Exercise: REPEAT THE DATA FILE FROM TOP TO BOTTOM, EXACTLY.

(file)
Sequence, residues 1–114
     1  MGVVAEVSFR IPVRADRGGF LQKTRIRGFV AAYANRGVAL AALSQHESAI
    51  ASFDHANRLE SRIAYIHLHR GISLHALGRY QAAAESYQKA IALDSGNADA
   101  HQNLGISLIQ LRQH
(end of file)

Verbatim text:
Sequence, residues 1–114
     1  MGVVAEVSFR IPVRADRGGF LQKTRIRGFV AAYANRGVAL AALSQHESAI
    51  ASFDHANRLE SRIAYIHLHR GISLHALGRY QAAAESYQKA IALDSGNADA
   101  HQNLGISLIQ LRQH